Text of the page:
Part of the
9th Annual Midtown International Theatre Festival
The story itself, devised by librettists Mari Carras and Laurel Ollstein, is not an unpromising one. There are plenty of tantalizing possibilities in relating how a tiny, isolated isle named Elia suddenly achieves its generations-old dream of being put (literally) on the map. Issues of tradition versus assimilation, culture versus commerce, and romance versus reality might have been handled by any number of other musicals, but Greece’s unique history and people could make for one like no other.
Unfortunately, all the potential originality is buried beneath mountains of clichés that would hardly suffice for a musical set in the U.S. The newly elected mayor, Costa (Joseph Callari), must struggle to keep his townspeople happy and in line. Costa’s perpetually unsatisfied wife Sophia (Carolee Goodgold) has to keep her discontent in check while arranging a proper marriage for her daughter Eleni (Abigail Hardin). Manos (Patrick Riviere), the godlike soldier who departed the island 20 years ago for success in America is about to make his triumphant return.
Add to this the usual assortment of anonymous clowns - the bumbling anything-for-a-buck duo! the mother desperate for grandchildren! - and you’re bursting with good-natured local flavor. And, of course, everyone simply must keep some secret or other from the rest of the villagers, so that we can flash back to the distant past to see how everything went wrong and see all the deception remedied in a last scene proving how close-knit the community is. (That scene, by the way, makes the finale of William Shakespeare’s The Comedy of Errors look like a paragon of convincing construction.)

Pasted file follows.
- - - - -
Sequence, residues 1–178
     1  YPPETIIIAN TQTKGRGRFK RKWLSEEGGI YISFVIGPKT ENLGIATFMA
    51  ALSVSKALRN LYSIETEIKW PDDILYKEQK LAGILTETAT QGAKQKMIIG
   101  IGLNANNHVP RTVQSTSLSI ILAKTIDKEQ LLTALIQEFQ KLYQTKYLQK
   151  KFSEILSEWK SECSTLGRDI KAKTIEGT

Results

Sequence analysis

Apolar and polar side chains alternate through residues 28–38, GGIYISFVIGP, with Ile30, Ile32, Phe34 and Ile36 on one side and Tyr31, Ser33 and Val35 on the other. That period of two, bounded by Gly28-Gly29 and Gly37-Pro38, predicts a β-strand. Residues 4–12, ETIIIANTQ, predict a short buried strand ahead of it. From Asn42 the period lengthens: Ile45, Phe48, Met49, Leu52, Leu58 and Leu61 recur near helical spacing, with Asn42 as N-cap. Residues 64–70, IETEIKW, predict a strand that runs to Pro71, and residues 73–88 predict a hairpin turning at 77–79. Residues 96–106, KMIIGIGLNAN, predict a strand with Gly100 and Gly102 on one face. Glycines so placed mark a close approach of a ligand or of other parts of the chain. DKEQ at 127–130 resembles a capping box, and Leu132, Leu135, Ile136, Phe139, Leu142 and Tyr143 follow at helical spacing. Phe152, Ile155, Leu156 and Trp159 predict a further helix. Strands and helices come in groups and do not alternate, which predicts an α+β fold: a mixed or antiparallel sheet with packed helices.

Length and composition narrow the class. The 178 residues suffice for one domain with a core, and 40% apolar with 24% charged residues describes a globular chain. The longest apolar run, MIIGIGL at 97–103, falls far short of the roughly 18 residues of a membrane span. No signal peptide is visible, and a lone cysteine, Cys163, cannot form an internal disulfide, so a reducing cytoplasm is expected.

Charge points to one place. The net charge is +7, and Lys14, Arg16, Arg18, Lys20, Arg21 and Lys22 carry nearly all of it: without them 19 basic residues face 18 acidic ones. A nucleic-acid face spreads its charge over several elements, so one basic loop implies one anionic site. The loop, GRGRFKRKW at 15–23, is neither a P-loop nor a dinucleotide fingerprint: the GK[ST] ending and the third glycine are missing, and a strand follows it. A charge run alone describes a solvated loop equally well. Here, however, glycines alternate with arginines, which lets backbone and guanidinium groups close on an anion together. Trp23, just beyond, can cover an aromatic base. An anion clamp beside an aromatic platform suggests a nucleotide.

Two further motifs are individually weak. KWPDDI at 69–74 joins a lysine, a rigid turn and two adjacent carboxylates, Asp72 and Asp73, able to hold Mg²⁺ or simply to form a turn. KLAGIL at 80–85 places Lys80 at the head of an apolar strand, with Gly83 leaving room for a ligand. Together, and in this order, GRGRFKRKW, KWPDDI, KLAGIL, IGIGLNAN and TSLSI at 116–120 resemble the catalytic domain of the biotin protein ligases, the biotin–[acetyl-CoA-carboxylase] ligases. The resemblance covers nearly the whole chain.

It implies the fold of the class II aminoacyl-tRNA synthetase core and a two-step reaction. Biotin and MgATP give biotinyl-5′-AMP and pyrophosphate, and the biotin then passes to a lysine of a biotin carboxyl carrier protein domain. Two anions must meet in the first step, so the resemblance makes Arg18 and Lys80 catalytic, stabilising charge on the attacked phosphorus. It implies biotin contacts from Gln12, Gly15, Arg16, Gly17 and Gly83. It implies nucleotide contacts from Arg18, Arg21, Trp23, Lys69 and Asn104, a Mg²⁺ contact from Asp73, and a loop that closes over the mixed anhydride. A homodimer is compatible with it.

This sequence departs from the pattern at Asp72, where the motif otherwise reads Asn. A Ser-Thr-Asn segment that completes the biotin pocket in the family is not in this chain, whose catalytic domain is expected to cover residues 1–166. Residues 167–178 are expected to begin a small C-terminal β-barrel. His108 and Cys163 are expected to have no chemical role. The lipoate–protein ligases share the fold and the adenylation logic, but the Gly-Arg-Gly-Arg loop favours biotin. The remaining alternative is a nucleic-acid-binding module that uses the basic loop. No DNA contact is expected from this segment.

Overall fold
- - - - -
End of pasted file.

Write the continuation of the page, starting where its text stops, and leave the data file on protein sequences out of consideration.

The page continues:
If not for the music by Nicholas Carras and Nicholas Kitsopoulos (who wrote the lyrics with Mari), there’d be little way to identify the setting as Greece rather than Grease. But the lithe melody lines above undulating bass, especially as articulated by the ouzo-buzzed guitars in the four-person band under Micah Young’s musical direction, transport you in a way the rest of the show doesn’t.
So effective is the music, in fact, that you might temporarily not mind the platitude-packed score. A couple of numbers, such as the bitchy opener (“To Complain”), the title song, and a dance solo for Young Costa (Costa Nicolas) at the height of his powers have the right blend of sound and place. But most numbers are angsty ballads about love lost or not yet found, stomping-shouting group numbers about the dangers of lies or women, or simply ear-poppingly generic. (“Open your heart and dare to share,” Costa and Sophia sing, “In love on a Grecian isle.”)
Spiro Veloudos’s direction is mainly traffic control, while Wendy Waring’s choreography revels in swirling motion as it utilizes every grapevine and hand wave you’d expect from Greek dancing. (Amazingly, not a single plate is ever smashed.) The performances are much the same, achieving the necessary but seldom more: Goodgold brings a fair air of decades-stretched disappointment to Sophia, and Hardin is marginally moving at conveying how Eleni doesn’t want to waste the life ahead of her. Deborah Litwak and Natasha Tabandera also garner some laughs as a pair of rickety fortune tellers.
But the rest of the cast, like the words they speak and sing, lacks the personality to make Elia, or Opa!, particularly inviting. The title and its pesky exclamation point might act as a call to enthusiasm, but it’s a cry that’s muted when neither the cast nor the characters can convincingly welcome you in.
Run Time: 2 hours with one intermission